In a 2007 study from the Netherlands, researchers found that men who drank coffee showed as much as 4.3 times lower incidence of cognitive decline than non-drinkers. The results showed reduced cognitive decline at all consumption levels compared with non-coffee drinkers - beginning with as little as one cup per day and increasing with additional consumption. The scientists found the maximum benefit was seen in those drinking three cups of coffee a day.
Two American studies in 2009 found that the equivalent of five cups of coffee a day improved problem-solving tasks and reduced brain levels of beta-amyloid plaques. Analyzing their findings, the researchers said that, “Long-term coffee intake could be a viable strategy for reducing the risk of Alzheimer’s disease, Parkinson’s disease, and other diseases associated with aging.”
Recent review studies, which survey the existing body of scientific literature, put these findings in a larger context. A 2013 study 1 stated that coffee consumption “may somewhat attenuate the rate of cognitive decline in women,” but that no correlation between amount and effect has yet been established. However, the review notes “mounting evidence” of a potential protective effect for coffee, tea, and caffeine.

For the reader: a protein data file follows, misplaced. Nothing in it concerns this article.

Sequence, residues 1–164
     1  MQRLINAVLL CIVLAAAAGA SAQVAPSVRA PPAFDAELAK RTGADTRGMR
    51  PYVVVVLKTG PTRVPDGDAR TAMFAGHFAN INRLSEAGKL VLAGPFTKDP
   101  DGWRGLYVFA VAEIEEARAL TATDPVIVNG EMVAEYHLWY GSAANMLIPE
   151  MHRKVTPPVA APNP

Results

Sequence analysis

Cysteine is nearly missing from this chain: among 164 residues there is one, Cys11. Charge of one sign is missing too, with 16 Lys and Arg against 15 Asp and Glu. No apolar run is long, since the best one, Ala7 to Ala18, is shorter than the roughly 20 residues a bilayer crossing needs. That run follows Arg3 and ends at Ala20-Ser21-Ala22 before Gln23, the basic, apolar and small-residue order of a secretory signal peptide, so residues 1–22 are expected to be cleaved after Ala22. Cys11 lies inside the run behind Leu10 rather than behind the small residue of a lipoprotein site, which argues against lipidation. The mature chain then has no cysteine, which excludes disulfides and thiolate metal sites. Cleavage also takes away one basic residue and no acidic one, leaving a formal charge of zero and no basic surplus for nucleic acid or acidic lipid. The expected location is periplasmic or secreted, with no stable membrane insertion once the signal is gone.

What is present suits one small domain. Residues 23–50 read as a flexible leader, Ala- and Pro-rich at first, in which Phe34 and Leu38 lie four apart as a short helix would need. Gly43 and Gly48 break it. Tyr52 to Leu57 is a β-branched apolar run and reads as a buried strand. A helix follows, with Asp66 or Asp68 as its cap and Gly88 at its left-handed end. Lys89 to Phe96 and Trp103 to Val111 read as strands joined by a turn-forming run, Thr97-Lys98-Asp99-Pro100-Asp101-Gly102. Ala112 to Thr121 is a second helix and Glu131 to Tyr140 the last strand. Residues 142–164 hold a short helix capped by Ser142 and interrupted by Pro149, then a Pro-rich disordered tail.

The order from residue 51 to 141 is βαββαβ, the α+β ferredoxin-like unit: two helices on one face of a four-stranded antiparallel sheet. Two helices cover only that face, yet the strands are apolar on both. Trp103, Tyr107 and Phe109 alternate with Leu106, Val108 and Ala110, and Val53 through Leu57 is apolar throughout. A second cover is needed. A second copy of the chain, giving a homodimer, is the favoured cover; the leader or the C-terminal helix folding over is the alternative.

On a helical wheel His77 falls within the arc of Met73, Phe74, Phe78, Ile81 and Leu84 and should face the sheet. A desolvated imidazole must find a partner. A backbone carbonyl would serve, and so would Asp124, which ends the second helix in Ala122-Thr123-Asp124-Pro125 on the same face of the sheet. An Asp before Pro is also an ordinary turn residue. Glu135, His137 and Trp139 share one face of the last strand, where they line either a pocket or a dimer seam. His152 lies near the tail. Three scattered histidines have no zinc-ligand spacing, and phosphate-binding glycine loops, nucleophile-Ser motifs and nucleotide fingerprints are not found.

Another 2013 review 2 notes that coffee and caffeine are known to enhance short-term memory and cognition and that there is limited research suggesting that long-term use may protect against cognitive decline or dementia.
Another 2014 review concluded that epidemiological and pre-clinical data also support their hypothesis that caffeine might not only be a cognitive enhancer, but also a disease modifier in Alzheimer’s disease.
While the source of the potential benefit is not certain, caffeine appears to be the likely candidate. However, research indicates that the protection may also come from coffee compounds such as magnesium and antioxidant compounds called phenolic acids.
Coffee and brain health continues to attract scientific attention, and new research will continue to emerge.